It was New Years Eve. A night infused with romance or at least infused with the potential of romance. I came alone to a party at a friend of a friend’s. His parents were out for the night and about 20 of us, all 18 to 20-something’s, mostly of the nerd variety, had a posh house to ourselves. I came alone but I also came late hoping that I could stop by, do the meet and greet and while the party was going strong I’d disappear before anyone realized I had no date. Otherwise, I had to explain to the guys that I couldn’t get a date for New Year’s Eve.
Unlike the curbside prophets in the classic moment in the movie, “Say Anything” I wasn’t alone, “by choice”. I was just alone. And it was miserable to be without a date at a party I knew would end with everyone pairing up for a New Year’s Eve kiss. But it was even more miserable to spend the night at home alone in my room until it came time to countdown from 10 with my parents and Dick Clark’s Rockin’ New Year’s Eve.
So there I was at the party.
My plan was working pretty well until two unexpected things happened. First, my friend’s friend had a goldfish pond in his entry way. I discovered the wading pool with the giant goldfish about halfway through my meet and greet tour. I sat down on the side of the indoor pond, coat still on, and started wondering how fast I’d have to be to grab one of those things out of the water. I absent-mindedly sipped on the champagne that someone had handed me and as I watched the circling koi thought about how much the champagne tasted a lot how I assumed urine would taste. I looked up to tell our host that his champagne tasted like pee when the second unexpected thing happened. A girl. I swallowed my pee drink with a gulp.
She stood there, talking to the host, smiling, laughing, her hand on his arm and then she turned and looked at me. Her smile faded for a second. I think she was trying to figure out if she knew me. She didn’t, but I wanted her to. I smiled and then she smiled back and walked over to where I sat. I forgot all about going fishing for Koi. I almost forgot my name as she introduced herself, Stacey, and waited for me to introduce myself. She had long hair, a soft, round face with dimples in her cheeks and a brilliant smile. Her eyes sparkled and as I rambled she laughed and made me glad I’d come to the New Year’s Eve party all alone.
We talked for a long time and the party went on around us. The crowd seemed oblivious to us and us to them. I was getting details. She was in her second year of university, studying to be an engineer. I told her she didn’t look like an engineer. She seemed a little insulted and asked me what I thought an engineer looked like. I told her I just didn’t picture her running a train. She laughed and then couldn’t decide if I was serious or joking.
“An engineer. You know, we figure out how to build things like bridges or create things for manufacturing.”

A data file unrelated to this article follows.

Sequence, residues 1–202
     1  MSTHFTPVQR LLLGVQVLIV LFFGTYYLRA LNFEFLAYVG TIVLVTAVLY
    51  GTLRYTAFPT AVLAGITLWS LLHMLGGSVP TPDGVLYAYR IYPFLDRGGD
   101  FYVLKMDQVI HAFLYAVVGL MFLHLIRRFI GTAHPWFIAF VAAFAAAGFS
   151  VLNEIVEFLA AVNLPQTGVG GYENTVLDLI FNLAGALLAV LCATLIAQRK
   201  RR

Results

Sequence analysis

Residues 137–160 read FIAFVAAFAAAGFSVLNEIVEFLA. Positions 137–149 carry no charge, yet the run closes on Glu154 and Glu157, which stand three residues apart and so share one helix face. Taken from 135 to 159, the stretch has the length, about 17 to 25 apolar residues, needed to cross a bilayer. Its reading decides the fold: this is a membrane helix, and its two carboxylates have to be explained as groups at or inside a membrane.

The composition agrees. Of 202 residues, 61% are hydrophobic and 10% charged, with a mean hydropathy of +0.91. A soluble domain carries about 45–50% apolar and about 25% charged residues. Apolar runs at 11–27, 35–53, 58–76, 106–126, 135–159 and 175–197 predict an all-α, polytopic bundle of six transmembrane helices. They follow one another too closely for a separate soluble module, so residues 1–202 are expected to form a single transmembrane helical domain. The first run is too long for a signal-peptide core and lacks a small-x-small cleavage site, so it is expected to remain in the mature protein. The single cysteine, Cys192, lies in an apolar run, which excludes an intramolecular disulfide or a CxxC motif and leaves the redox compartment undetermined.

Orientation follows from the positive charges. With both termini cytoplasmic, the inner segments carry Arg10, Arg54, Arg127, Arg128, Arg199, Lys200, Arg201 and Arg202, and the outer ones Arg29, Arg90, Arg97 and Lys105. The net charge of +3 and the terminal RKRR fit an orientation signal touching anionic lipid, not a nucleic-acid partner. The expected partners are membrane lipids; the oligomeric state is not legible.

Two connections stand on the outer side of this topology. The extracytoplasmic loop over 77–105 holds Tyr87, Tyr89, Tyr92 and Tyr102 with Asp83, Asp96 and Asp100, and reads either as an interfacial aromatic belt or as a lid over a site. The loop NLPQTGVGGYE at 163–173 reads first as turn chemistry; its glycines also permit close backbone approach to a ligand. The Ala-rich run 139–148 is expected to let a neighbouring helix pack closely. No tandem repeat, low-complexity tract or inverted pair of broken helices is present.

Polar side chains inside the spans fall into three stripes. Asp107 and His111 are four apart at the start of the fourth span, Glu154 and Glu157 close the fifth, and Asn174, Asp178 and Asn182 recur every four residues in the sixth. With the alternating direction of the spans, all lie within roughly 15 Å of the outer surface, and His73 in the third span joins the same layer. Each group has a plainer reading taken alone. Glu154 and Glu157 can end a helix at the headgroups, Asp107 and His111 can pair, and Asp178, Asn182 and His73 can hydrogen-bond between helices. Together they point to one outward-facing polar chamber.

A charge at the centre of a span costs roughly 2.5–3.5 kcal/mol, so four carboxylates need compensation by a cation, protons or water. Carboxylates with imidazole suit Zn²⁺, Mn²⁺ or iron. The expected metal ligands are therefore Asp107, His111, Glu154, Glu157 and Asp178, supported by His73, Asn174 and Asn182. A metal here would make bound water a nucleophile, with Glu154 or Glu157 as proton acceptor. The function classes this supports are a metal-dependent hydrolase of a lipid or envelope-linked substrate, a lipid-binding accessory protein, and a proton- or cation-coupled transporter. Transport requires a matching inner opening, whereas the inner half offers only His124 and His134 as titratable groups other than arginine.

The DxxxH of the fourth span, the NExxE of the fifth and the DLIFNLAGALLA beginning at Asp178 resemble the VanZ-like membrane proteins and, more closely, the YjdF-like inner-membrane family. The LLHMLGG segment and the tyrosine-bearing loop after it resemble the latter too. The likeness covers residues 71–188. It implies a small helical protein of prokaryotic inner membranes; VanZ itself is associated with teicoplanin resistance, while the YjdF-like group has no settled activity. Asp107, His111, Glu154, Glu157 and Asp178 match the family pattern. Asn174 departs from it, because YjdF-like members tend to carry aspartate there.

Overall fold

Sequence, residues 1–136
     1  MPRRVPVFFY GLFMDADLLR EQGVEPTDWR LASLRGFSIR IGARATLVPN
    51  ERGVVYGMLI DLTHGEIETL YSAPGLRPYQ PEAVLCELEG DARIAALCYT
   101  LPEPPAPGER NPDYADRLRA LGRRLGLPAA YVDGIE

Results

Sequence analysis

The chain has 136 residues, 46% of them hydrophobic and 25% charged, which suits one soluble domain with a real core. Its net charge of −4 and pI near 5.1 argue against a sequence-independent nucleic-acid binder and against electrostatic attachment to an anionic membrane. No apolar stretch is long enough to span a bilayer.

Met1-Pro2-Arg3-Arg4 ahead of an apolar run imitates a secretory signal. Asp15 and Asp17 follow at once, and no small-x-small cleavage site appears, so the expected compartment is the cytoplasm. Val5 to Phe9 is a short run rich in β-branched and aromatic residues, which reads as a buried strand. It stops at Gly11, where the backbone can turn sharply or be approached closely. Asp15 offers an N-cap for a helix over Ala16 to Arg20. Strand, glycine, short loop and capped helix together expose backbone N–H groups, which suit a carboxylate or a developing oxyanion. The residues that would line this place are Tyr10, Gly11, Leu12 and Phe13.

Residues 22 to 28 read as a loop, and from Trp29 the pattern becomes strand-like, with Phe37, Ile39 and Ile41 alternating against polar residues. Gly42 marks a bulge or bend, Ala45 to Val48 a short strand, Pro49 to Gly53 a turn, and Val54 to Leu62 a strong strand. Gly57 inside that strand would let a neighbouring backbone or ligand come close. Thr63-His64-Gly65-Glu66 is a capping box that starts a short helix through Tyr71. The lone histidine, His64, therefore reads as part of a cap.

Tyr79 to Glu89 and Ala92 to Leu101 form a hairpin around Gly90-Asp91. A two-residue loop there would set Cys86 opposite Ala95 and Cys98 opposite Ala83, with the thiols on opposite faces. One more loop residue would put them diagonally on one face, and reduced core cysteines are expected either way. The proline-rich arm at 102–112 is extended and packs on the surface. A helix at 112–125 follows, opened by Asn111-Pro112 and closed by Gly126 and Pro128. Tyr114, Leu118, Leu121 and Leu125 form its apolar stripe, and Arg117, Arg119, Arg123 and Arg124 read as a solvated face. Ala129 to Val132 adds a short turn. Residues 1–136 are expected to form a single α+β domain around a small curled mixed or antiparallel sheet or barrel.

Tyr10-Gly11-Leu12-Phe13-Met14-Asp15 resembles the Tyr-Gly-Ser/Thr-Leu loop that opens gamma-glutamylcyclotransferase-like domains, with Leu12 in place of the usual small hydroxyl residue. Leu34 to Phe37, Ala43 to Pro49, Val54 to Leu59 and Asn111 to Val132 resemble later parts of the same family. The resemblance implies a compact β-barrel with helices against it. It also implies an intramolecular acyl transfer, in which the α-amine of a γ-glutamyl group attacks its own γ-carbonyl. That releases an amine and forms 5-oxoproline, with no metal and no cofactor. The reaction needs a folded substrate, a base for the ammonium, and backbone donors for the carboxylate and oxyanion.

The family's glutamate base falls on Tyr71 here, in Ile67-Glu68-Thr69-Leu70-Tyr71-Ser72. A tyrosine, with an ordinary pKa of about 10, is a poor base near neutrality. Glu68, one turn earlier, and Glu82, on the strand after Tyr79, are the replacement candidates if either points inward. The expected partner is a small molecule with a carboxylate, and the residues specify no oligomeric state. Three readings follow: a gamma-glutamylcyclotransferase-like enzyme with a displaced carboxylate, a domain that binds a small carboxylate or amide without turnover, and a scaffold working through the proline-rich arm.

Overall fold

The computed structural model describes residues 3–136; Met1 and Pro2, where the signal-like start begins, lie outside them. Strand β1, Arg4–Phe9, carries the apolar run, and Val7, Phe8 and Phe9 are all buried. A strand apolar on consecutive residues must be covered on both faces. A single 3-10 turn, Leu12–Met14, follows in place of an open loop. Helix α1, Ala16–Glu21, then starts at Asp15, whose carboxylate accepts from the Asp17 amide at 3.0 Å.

“Oh,” I said, “An architect?”
“No, an engineer. Are you serious? What year are you in anyway?”
“I’m in 9th grade and proud to say the biggest kid in my class.”
Wrinkling her nose at me she said, “I’m tempted to believe you but I happen to know Joe didn’t invite anyone under 18 to the party.”
“I didn’t say I was under 18. I’m a slow learner. Is that a problem?”
“O.K., seriously, what are you studying?”
“O.K., seriously,” I said, “I don’t like that word but I’ll still tell you. I’m in my first year of anthropology and I’m planning on specializing in archeology.”
“Funny,” she said, leaning back and looking me over, “You don’t look like Indiana Jones.”
“Ouch.” Mentally my wheels were spinning.
Sense of humour. Check.
Ability to reference movies. Check.
Thinks I’m funny. Check.
Turns out she was home for the Christmas break. Another week and she’d be back in classes at a school about an hour and a half away from where I lived. Normally, after seeing a girl like Stacey, it would have taken me weeks just to have the conversation we’d had and another month to work up the courage to ask her on a date. The ticking clock pushed me past my typical blundering shyness. “Look,” I started, “I think you’re amazing and I’d love to go out with you. Heck, I’d like to spend every free moment of the rest of the Christmas break with you. I know we just met but I think…”
“Sure.” She said, interrupting my sad attempt. “I’d like that too.” She looked at me and she smiled, dimples at full power and her dark eyes twinkling like starlight.
I became vaguely aware the countdown had started and then champagne corks were popping and people were running around giving and getting kisses. We exchanged a very quick and very self-conscious kiss and though we’d just met that night I wanted to punch every other guy that walked over looking for their own ‘New Year’s Kiss’. Once it was all over she walked me to the door and explained that she’d promised the host, her friend, that she’d help him clean up after. We said “good night” and she handed me a slip of paper as I opened the door to leave, “Call me.” She said, smiled and turned and walked back toward the kitchen. That night, on the way home, I prayed to the God I wasn’t sure I believed in and said a simple two word prayer over and over. “Thank you.”
…to be continued…